We continue to receive questions on how we run this blog, twitter account, facebook and find time to write these posts. With that said we’ll provide a detailed and *actionable* <– as usual… post on this topic. This will be more informative in nature than entertaining. Outline below:
- How Do You Operate the Blog?
- How Do You Operate on Social Media?
- What Do Email Subscribers Receive?
- How Do You Find Time to Write Posts?
We’re keeping this one a bit shorter than our previous posts (lots of work last week) but it will be jammed full of actionable advice for anyone who wants to run a website.
1) How Do You Operate the Blog?
We get a lot of questions here since the blog has been around for a while now (since 2012). Instead of adding more of a backdrop, we’ll jump right in with the primary questions.
How Do You Stay Private? This is the primary question we receive, how do we maintain privacy on the Internet? Many of you have already figured out how we do this (smart readers!). We simply purchased accounts for Facebook, Google, Twitter and one IP address. Anyone with a speck of knowledge with regards to affiliate marketing is going to know that it doesn’t cost much money to set this up (about $5K, or less than 3 days work).
How do you make posts? Okay, so you purchased the accounts… now how do you operate as a group? Simple, one word: *Teamviewer*. All you have to do is download the program and you can now login to a single IP from anywhere in the world. You can use other applications such as LogMeIn and that will give you the same benefits as Teamviewer. Notably, you don’t need an expensive computer or anything like that. You just need a single IP hooked up to a direct line that does not go down. Set your computer so that it never hibernates, shut the laptop and slip it into a drawer. Done deal. You can now post remotely but work off of the exact same IP address.
How Do You Determine the Post You’ll Write? This is primarily driven by “whatever we feel like”. But. We do look at analytics once a month and see what people are clicking on (approved products) to see what people are most interested in. That said, we try to keep the following balance in mind… 15% Game specific posts, 45% life related posts, 20% Wall Street related posts and 20% personal finance related posts. We are certain the mix of posts will change over time. Overall, the readership is primarily men in their 20s (our target market) so wasting time posting 50%+ on “game” would ruin the lives of all of our readers. We have no interest in that.
How Do You Create New Content? This is easy. We’re sandbagging everyone. We have many post ideas that are sitting in the queue waiting to be published. But. We simply won’t hit submit until the audience is ready. We have 10+ posts in the draft folder that are already complete (each about 4000+ words!) but we sit on them until the time is right. If you want to create good content you need to be *proactive*. This means you’re creating content consistently and are not *reacting* to random news. You can have some reactive content but the only way to really gain readership and create differentiated information is to be *proactive*. This is extremely important. Write it down. Proactive > Reactive.
Are You Worried People Will Not Read an Anonymous Blog? Nope. We have a huge advantage in this case. Wall Street information is impossible to fake. People are nit-picky and will try to poke tiny holes into any Wall Street related post. If we were “fake” this blog wouldn’t be growing. It is growing rapidly.
This is a front office only blog. No useless posts on wealth management or operations.
This is also why we avoid stock picking information like the PLAGUE. It would create too much drama and we prefer high level sector overviews. High level overviews can give out actionable information without being forced to make stock calls. The last thing we want is a blog full of retail commenters.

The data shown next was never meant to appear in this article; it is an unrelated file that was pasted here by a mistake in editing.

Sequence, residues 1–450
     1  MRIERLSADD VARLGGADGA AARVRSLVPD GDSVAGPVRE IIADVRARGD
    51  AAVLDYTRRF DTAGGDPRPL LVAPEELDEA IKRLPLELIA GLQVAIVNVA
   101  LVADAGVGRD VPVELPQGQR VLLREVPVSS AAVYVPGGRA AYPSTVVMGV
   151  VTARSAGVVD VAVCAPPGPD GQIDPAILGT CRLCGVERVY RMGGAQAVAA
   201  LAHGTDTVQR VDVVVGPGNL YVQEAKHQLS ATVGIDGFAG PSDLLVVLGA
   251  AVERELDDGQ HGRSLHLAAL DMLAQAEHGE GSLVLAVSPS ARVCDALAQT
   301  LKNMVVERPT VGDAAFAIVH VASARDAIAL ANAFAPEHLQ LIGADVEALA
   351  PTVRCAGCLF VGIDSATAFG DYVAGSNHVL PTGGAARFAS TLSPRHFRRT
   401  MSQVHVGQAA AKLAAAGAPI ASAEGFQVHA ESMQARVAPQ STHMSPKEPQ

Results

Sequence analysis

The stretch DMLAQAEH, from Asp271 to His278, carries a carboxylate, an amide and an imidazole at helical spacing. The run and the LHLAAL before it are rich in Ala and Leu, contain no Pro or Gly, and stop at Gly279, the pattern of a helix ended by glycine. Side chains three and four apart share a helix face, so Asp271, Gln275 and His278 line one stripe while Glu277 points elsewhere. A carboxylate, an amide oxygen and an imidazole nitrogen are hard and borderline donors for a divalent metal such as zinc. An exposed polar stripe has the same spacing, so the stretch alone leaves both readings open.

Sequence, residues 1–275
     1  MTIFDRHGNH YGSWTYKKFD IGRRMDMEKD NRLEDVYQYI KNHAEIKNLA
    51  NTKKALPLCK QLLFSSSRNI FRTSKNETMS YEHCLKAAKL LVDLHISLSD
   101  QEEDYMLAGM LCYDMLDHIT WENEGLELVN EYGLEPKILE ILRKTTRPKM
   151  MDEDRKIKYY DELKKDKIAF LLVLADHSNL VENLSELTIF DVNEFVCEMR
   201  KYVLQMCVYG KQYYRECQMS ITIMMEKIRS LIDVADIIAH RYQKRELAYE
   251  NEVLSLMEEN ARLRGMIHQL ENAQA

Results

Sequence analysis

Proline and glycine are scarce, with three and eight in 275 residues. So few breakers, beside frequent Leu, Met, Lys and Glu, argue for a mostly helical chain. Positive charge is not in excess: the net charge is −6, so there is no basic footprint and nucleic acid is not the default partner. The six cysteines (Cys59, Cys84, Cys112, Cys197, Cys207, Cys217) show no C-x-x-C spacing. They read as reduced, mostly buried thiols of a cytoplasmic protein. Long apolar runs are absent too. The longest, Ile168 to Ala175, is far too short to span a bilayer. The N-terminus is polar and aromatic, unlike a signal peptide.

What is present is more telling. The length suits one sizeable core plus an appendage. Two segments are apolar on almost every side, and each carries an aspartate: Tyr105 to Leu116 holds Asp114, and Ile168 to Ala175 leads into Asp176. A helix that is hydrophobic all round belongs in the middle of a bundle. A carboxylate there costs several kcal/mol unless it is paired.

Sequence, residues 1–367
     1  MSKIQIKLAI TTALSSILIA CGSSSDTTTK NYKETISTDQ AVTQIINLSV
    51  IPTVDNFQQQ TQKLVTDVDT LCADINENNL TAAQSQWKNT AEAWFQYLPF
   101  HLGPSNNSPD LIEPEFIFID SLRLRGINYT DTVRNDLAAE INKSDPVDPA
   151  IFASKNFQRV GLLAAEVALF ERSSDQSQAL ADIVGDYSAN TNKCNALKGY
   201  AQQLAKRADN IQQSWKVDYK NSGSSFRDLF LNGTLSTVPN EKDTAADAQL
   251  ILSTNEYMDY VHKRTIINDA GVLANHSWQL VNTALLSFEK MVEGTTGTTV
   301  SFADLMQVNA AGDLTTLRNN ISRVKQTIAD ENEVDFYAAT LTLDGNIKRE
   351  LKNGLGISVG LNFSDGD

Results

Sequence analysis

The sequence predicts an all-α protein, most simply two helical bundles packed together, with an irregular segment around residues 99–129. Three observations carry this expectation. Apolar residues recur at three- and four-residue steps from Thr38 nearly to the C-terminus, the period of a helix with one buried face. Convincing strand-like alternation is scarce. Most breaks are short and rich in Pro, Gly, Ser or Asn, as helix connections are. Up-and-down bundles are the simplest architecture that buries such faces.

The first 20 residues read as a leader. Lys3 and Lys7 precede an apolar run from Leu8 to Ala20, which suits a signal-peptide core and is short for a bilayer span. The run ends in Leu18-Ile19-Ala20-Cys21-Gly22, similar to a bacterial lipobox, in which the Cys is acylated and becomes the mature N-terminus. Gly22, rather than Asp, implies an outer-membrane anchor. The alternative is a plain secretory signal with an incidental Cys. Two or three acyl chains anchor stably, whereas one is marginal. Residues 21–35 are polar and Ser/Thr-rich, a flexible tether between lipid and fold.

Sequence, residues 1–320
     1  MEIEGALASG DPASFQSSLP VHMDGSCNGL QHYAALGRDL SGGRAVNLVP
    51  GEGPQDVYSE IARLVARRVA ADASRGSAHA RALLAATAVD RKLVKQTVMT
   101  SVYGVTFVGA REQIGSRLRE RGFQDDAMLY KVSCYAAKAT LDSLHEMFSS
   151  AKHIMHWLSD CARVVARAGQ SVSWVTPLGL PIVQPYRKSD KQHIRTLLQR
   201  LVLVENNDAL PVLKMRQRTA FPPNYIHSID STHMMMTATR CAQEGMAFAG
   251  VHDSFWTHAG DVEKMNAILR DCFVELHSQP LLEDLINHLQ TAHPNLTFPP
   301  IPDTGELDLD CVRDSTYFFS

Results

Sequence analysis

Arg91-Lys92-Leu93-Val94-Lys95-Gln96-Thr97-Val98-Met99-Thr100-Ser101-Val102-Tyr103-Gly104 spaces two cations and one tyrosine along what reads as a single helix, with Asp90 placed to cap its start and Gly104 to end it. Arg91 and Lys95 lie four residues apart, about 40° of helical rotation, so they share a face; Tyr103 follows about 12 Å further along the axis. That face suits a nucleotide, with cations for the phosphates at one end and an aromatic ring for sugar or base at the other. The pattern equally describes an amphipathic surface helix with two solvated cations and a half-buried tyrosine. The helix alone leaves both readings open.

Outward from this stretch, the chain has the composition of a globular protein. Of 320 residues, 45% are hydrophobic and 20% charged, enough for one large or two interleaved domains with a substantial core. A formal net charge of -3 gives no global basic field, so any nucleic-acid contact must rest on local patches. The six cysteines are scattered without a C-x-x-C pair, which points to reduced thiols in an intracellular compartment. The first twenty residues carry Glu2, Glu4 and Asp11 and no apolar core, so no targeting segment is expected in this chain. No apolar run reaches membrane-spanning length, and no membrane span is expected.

Why Do You Mark People as Spam? Simple. Having a “tolerance” policy implies that there are no standards. The only people who are tolerant of *everybody* are those with ridiculously low standards or low senses of self-worth (insecure). We have no interest in regular or mediocre people. Never have, never will. Marking poor commenters as spam is a good long-term move and a bad short-term move. Luckily we don’t have any interest in short-term gains .
Conclusion: The blog outline is quite simple: 1) buy accounts, this will cost about $5K, 2) make posts that are a good mix of what you think is important and what readers want, 3) create blog posts *proactively*, you do not need to submit them all at once, 4) anonymous blogging only works if you walk the talk and you have information that is *impossible* to fake and 5) keep the regulars out. On the internet, the only way to prove you’re not living in your mom’s basement is to deliver *actionable* value and provide legitimate *information* that can be used immediately.
2) How Do You Operate on Social Media?
Not even sure why we get this question. Our social media profile is muted at best. We have a simple Facebook page but operate relatively frequently on Twitter. That is about it. In fact… Most of our traffic comes from Reddit and SumbleUpon which are two things we don’t even use! But we’ll answer the question anyway.
How Do You Use Facebook? This is the easiest one. We operate our Facebook account solely to show new posts. In addition? We post to Facebook as our *first* media outlet. So, if you like us on Facebook you will be alerted by a new post immediately. All of our new content is added to Facebook and we respond to comments on our page once a week (when the post goes up). As usual, make sure your logo and banner are consistent and you load up photos with each new blog post.
How Do You Use Twitter? This is a much more complicated one so we’ll break down our logic into bits and pieces. We are much more active on twitter so we will explain how we use each function.
Following: In *our opinion* anyone you follow should be a reflection of you. This means you should not follow many people. Everyone has their own strategy, none is right, but this is ours. We follow a total of seven people. That is it.
1) Mike Cernovich – a personal friend of one of our writers who runs a great blog that covers mindset, fitness and TRT
4) Mikael Syding – retired hedge fund manager
5) a couple of TRT experts as we’re getting older and the president